For more than a decade China Vanke’s boardroom has been hailed as the place that showcases the most cordial corporate governance in China. The Shenzhen developer brought in China Resources as its biggest shareholder in 1999. The state giant has remained a passive investor since, giving Vanke’s founder Wang Shi and his executives the managerial control they desired of China’s biggest and most iconic property firm. In fact, according to the Xinhua-run China Financial Weekly, China Resources has never said no to any decision made by Vanke’s professional managers over the years.
This amicable relationship has been put under pressure since December, however, when a little-known property developer and insurance firm called Baoneng quietly amassed a stake of more than 24% in Vanke, thus overtaking China Resources as Vanke’s biggest shareholder (see WiC308). And the relationship finally cracked last week when Vanke’s board of directors voted on a decision that would have further relegated China Resources’ position to merely the third biggest shareholder.
The board meeting was scheduled to vote on a plan to counter Baoneng’s advance. The proposal was announced back in March, as Vanke signed a memorandum of understanding with Shenzhen Metro Group, a state firm controlled by the Shenzhen government (China Resources, meanwhile, is a central-government-owned enterprise directly under the State Council), to team up with the real estate unit of the Shenzhen metro operator.
Under the plan, the property developer would issue new shares worth Rmb45.6 billion ($6.9 billion) to buy the development rights of two premier sites situated in Shenzhen’s Qianhai.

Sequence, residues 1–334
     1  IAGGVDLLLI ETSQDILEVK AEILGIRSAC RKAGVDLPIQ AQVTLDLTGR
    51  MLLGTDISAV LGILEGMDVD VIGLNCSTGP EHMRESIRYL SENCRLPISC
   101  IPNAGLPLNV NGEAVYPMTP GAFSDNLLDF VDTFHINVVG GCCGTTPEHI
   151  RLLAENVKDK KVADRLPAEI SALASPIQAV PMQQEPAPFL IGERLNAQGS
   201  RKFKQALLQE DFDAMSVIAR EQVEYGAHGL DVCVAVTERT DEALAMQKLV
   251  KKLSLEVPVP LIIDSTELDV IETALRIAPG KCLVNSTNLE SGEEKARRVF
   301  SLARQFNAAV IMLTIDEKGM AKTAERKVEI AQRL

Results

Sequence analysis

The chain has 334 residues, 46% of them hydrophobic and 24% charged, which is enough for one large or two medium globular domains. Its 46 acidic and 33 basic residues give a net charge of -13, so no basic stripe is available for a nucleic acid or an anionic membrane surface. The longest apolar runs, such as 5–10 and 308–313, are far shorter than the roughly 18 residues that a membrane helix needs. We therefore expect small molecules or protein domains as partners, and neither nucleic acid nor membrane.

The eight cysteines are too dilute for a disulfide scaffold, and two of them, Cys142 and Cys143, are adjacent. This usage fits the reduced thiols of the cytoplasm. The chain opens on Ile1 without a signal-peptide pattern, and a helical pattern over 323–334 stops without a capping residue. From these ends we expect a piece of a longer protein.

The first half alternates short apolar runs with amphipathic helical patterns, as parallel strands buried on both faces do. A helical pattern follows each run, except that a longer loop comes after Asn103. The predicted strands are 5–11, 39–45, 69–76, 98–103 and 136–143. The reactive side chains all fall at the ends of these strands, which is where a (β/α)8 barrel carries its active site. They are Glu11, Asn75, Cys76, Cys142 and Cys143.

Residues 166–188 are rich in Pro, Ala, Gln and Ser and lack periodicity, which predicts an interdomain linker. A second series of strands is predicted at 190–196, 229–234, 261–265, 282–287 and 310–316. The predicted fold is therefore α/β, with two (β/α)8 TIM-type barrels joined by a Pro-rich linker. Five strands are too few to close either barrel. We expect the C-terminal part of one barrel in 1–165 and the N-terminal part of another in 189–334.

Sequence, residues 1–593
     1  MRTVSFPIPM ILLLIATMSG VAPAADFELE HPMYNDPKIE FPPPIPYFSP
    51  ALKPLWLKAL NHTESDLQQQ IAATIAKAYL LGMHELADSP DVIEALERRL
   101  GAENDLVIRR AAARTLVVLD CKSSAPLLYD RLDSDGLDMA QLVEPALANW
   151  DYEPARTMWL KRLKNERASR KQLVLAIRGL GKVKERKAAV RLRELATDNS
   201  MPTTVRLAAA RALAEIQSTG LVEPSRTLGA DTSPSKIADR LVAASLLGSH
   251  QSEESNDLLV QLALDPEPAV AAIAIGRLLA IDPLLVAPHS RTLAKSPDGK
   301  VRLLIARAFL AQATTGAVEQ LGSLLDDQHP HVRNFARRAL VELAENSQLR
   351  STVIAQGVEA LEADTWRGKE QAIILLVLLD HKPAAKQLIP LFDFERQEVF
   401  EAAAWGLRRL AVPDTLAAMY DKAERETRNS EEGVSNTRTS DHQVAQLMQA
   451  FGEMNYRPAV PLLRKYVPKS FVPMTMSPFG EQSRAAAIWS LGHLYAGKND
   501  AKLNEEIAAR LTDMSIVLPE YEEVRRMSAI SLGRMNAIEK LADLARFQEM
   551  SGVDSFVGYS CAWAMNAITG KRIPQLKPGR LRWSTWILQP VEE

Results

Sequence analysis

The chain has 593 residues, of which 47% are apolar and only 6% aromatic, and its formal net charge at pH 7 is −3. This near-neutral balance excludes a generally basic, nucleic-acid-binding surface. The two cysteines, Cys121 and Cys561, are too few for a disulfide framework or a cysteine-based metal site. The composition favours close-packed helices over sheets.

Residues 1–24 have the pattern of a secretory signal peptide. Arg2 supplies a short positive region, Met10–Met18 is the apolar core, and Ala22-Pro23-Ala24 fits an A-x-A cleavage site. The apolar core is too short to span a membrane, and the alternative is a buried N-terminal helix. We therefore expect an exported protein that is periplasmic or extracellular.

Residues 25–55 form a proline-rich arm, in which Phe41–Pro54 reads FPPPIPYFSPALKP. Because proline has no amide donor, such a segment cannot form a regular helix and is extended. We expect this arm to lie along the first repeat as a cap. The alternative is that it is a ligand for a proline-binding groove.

When completed, the deal would make Shenzhen Metro Vanke’s biggest shareholder with a 20.65% stake, diluting Baoneng’s stake to 19.27%.
However, that means that China Resources would also see its stake drop from around 15% to 12%.
Through this transaction, “what Vanke is buying is not two land sites, but the future,” the developer said in a statement. But China Resources made plain too its discontent over the arrangement. When asked about his thoughts on the plan back in March, Fu Yuning, the chairman of China Resources, queried: “Is the move really appropriate?”
Three months on, Vanke has still not convinced China Resources to warm to the plan. The rift was finally made public last week.
“We have indeed spoiled Vanke,” an unidentified China Resources executive angrily told China Financial Weekly.
The outburst came after Vanke’s 11-member board favoured the plan by a 7-to-3 vote. Independent director Zhang Liping abstained, citing a conflict of interest. Zhang’s decision was crucial. Vanke’s company charter stipulates that substantial transactions of this sort need to have the approval of two-thirds of its board members.